by irene bean
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SOME OF MY FAVORITE BLOGS I'VE POSTED
A Solid Foundation
Not Trying to be Corny
This Little Light of Mine
We Were Once Young
Veni, Vedi, Vinca
U Tube Has a New Star
Packing a 3-Iron
Well... Come on in
There's no Substitute
Dressed for Success
Life can be Crazy
The New Dog
No Spilt Milk
Have Ya Heard the One About?
The Great Caper
My New Security System
2006-01-24 10:46 AM
Life Can Be Crazy
Lately, I've had a tough time with my mom. It's all so disheartening. She's a high-functioning schizophrenic. Ordinarily, we can get on the other side of her *spells* with little damage done, but recently she has spun out of control, and I am at a loss of what to do. She's off her meds and won't go back on.
The movie "A Beautiful Mind" had a huge impact on me. Huge. So much was explained. I was 53-years-old and it was the first time I fully understood my mother, my life with her. The moment was pivotal in many ways, as was the question a counselor once asked me when I was in my 40s. "Who would you rather have had as a mother?" My honest and quick response was, "No one." That answer was the beginning of a long, overdue healing process. The movie iced it.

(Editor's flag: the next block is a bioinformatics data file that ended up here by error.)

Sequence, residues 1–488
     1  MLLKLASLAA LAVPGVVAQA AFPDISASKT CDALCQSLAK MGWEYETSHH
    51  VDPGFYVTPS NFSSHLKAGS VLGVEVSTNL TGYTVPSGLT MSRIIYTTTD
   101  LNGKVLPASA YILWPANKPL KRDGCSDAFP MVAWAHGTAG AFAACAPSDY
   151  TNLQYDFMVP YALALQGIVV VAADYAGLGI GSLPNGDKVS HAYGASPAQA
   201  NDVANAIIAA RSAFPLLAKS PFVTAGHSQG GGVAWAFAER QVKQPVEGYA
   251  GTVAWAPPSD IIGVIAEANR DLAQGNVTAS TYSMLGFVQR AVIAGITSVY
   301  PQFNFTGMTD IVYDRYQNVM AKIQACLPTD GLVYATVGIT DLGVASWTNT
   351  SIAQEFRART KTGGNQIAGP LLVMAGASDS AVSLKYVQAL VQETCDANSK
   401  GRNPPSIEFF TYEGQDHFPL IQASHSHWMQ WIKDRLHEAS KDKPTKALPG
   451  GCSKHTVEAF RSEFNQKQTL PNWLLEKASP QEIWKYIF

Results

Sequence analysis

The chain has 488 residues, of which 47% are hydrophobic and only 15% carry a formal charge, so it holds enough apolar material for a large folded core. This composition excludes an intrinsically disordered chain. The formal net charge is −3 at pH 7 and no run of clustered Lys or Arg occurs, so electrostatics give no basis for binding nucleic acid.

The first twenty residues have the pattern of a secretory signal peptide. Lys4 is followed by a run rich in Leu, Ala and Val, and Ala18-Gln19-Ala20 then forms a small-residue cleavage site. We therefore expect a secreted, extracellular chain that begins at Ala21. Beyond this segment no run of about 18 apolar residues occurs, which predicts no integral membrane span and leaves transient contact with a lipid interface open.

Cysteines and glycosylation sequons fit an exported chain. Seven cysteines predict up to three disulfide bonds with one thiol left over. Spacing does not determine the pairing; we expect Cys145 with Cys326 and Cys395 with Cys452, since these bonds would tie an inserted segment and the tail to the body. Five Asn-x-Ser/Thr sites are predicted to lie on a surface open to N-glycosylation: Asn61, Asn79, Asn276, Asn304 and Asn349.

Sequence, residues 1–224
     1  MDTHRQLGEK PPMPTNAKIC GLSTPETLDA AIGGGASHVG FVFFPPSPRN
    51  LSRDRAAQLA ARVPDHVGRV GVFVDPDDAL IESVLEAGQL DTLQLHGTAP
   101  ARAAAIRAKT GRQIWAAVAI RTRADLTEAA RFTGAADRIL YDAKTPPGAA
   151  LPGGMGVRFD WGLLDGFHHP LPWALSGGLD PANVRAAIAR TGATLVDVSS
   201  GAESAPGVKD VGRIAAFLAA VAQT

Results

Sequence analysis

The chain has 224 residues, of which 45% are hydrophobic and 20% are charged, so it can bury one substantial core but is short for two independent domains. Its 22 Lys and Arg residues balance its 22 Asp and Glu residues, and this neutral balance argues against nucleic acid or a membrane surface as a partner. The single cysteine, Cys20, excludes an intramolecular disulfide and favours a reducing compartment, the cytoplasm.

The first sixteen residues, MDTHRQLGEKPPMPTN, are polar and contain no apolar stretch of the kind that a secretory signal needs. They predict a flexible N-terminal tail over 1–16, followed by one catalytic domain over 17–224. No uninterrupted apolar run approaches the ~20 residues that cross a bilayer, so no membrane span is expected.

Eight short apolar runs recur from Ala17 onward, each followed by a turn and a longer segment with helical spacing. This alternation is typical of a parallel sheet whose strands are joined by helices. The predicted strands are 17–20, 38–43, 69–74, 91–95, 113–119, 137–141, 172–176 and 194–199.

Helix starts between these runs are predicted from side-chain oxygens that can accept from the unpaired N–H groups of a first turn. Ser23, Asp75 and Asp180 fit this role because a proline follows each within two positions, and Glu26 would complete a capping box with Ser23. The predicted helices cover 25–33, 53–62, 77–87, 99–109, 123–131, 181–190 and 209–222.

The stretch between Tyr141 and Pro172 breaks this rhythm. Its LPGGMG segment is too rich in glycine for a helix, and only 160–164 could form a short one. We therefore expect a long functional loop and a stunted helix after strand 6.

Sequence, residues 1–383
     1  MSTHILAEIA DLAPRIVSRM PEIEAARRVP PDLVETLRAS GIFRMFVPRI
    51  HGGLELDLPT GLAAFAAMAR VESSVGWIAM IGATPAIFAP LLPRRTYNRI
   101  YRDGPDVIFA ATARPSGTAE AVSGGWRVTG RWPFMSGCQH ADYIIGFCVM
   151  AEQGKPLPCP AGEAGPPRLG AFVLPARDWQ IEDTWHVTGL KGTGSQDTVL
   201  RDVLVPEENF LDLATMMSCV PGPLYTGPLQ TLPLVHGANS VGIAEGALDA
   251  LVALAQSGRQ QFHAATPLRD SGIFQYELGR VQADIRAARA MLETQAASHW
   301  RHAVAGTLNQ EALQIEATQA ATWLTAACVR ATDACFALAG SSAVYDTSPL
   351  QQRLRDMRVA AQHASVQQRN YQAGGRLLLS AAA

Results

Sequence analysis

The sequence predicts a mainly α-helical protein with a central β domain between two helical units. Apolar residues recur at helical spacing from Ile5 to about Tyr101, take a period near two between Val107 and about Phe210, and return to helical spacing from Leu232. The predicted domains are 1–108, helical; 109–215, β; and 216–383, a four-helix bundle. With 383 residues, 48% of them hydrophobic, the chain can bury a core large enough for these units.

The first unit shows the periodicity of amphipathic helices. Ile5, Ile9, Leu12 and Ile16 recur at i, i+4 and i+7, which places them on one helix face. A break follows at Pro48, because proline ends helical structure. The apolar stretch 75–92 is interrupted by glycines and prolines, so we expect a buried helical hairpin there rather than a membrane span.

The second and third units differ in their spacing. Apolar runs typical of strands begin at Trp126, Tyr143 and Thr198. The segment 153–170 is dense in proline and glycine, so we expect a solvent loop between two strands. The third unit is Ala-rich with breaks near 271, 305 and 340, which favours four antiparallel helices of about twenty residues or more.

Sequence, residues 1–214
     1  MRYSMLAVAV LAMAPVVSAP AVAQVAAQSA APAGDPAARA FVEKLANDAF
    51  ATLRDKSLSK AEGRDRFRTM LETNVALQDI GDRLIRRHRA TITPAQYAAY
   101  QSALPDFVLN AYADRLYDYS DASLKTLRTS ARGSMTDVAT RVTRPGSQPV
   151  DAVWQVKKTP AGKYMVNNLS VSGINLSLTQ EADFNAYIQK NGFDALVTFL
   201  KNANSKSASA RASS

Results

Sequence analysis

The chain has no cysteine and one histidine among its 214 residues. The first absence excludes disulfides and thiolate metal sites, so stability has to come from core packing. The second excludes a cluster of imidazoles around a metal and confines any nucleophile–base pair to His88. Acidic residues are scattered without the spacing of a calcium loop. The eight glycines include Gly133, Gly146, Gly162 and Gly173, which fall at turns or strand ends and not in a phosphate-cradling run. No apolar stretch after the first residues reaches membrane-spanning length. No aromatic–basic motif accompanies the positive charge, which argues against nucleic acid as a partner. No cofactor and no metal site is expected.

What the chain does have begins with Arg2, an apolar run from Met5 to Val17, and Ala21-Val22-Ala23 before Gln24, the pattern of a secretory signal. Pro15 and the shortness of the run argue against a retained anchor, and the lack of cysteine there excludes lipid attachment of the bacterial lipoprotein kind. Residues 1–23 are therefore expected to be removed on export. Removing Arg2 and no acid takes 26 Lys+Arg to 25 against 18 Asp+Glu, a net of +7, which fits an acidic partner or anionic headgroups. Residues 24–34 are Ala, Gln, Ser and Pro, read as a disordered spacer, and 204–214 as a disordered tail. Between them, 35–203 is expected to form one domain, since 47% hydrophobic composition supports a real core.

There are so many examples regarding my mom's current setback, but this one is a dilly. Christmas night we were sitting in the dining room amidst a beautiful table setting and lovingly prepared meal. All of a sudden my mother piped up, "David, have I ever told you about your Aunt Gloria's abortion?" Talk about a sitcom gone bad. Brian, my husband, almost spit his pureed zucchini soup across the table. David, the politician in training, said something diplomatic. I saw my entire childhood flash before my stunned eyes, because my entire childhood was inappropriate.
One other holiday evening David tried to set up a game of Parcheesi. My Mom and David used to play for hours - it's his strongest thought association of his grandmother. She abruptly announced to him that she never liked the game and didn't want to play - and then droned on for an hour about how my uncle had once tried to murder her. It's all so sad, because the past year she had done well and we were having fairly normal fun.